Lin A, Alpert L, Hart J, Chapman C, Pillai AA. Hepatology. 2020;72(1):353-355.
This article reports cases of lymphoepithelioma-like carcinoma with cholangiocarcinoma features in two African-American individuals. Given the high rate of EBV positivity in these tumors (approximately 70% with EBER in situ hybridization), the authors suggest that EBER staining could be helpful in identifying this variant of cholangiocarcinoma.
Journal of Pathology
Three-dimensional analysis of extrahepatic cholangiocarcinoma and tumor budding.
Yoshizawa T, Hong SM, Jung D, et al. J Pathol. 2020;251(4):400-410.
High-grade tumor budding is associated with poor prognosis in various cancers. This study analyzed the 3D structure of tumor budding and E-cadherin expression in 31 extrahepatic cholangiocarcinomas (27 hilar and 4 distal). Based on the standard (2D) pathological criteria: 18 tumors showed high-grade and 13 low grade tumor budding. 3D analysis revealed:
1. Neoplastic cells in tumor buds of adenocarcinoma were tips of attenuated protrusions connected to the main tumor.
2. Low-grade tumor budding tumors were composed predominantly of tubules with focal cords at the periphery and high-grade tumor budding predominantly formed cords in both centers and peripheries of the tumors.
3. Low-grade tumor budding was characterized by a few short protrusions with few branches, whereas adenocarcinoma with high-grade tumor budding was characterized by longer protrusions with more branching.
4. E-cadherin expression was stronger in the center of the adenocarcinoma but decreased at the tips of protrusions and E-cadherin loss was more extensive in the protrusions of high-grade tumor budding than in the protrusions of low-grade tumor budding.
In summary, the study suggests that tumor buds as seen in 2D are, in fact, cross-sections of attenuated but contiguous protrusions extending from the main tumor.
Clinical Gastroenterology and Hepatology
Alcohol Use Is Associated With Hepatic Steatosis Among Persons With Presumed Nonalcoholic Fatty Liver Disease.
Long M, Massaro JM, Hoffmann U, et al. 2020 Jul;18(8):1831-1841.
The authors completed a cross-sectional study of participants in the Framingham heart study that had hepatic steatosis. They report an association between alcohol use and NAFLD and suggest that even moderate alcohol use may contribute to the development of hepatic fat.
Regression of Fibrosis Stage With Treatment Reduces Long-Term Risk of Liver Cancer in Patients With Hemochromatosis Caused by Mutation in HFE.
Bardou-Jacquet E, Morandeau E, Anderson GJ, et al. 2020 Jul;18(8):1851-1857.
In a retrospective analysis of patients with hemochromatosis caused by the C282Y mutation in HFE, the authors determined that advanced hepatic fibrosis can regress with treatment. This reduced the risk of hepatocellular carcinoma development.
Keratin 18 Is a Diagnostic and Prognostic Factor for Acute Alcoholic Hepatitis
Vatsalya V, Cave MC, Kong M, et al. 2020 Aug;18(9):2046-2054.
The authors analyzed data from 173 participants in a large trial performed at 4 medical centers. They evaluated differences in the levels of serum CK18 in patients with severe acute alcoholic hepatitis and correlated these levels with patient outcome. Patients with higher levels of CK18 in the serum had higher 90-day mortality.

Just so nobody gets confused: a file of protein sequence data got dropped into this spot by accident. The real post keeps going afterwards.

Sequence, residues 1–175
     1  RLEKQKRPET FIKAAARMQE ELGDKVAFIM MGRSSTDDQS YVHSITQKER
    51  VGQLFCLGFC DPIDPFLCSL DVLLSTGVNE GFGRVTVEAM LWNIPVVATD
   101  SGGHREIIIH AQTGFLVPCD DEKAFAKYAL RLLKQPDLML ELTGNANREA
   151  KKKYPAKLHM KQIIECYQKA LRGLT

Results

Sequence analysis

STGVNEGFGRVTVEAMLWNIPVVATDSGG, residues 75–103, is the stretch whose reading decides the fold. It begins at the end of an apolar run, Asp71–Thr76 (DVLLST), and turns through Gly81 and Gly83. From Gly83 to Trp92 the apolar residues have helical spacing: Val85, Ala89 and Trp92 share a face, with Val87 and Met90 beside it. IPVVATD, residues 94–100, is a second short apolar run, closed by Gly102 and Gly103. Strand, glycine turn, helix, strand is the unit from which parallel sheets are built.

High-Throughput, Machine Learning–Based Quantification of Steatosis, Inflammation, Ballooning, and Fibrosis in Biopsies From Patients With Nonalcoholic Fatty Liver Disease
Forlano R, Mullish BH, Giannakeas N, et al. 2020 Aug;18(9):2081-2090.
The authors used machine learning to develop fully automated software for quantification of steatosis, inflammation, ballooning, and fibrosis in biopsy specimens from patients with NAFLD. The results from the software correlate with those from histopathologists, with high levels of interobserver and intraobserver agreement and the approach was also validated using a separate set of biopsies. The authors suggest that this may be a tool to evaluate these biopsies and to assess for differences after life-style modifications and treatment.
#LiverTwitter: An Emerging Tool for Liver Education and Research
Mikolajczyk AE, Ufere N, Breu AC, et al. 2020 5;4(8):1229-1233.
This article summarizes material presented at the 2019 Liver Meeting. It discusses topics related to teaching, mentoring, sharing journal articles, and offers tips to get more involved in this social media platform.
Prevalence and Profile of Nonalcoholic Fatty Liver Disease in Lean Adults: Systematic Review and Meta-Analysis.
Young S, Tariq R, Provenza J, et al. 2020 21;4(7): 953-972.
The authors compared “lean” NAFLD to “obese” NAFLD and found differences in several parameters when comparing these two groups. Lean NAFLD was defined as patients that had NAFLD diagnosed by biopsy with normal BMIs. They reported that lean NAFLD is a distinct entity with metabolic, biochemical, and inflammatory abnormalities compared to healthy subjects and that it has a more favorable profile, including liver histology of steatohepatitis and fibrosis stage. They suggested the importance of larger studies to determine differences in clinical outcomes between these two groups.
The Hepatic Sinusoid in Aging and Disease: Update and Advances From the 20th Liver Sinusoid Meeting
Ortega-Ribera M, Hunt NH, Gracia-Sancho J, Cogger VC. 2020 27;4(7):1087-1098.
This is a meeting report of the 2019 Liver Sinusoid Meeting, 20th International Symposium on Cells of the Hepatic Sinusoid, held in Sydney, Australia, in September 2019. It focuses on several of the key cellular players that occupy the hepatic sinusoid (e.g., liver sinusoidal endothelial cells and hepatic stellate cells). It also discusses the sinusoids role in fibrosis progression in diseases such as NAFLD.
Nafis Shafizadeh MD (Editor); Southern California Permanente Medical Group
Daniela Allende MD; Cleveland Clinic
Vishal Chandan MBBS; University of California Irvine
Robert Goldin MD; Imperial College, London
Bella Goyal MD; California Pacific Pathology Medical Group
Grace Guzman MD; University of Illinois
Mojgan Hosseini MD; University of California San Diego
Heather Stevenson-Lerner MD PhD; University of Texas
Lindsey Westbrook MD; University of Colorado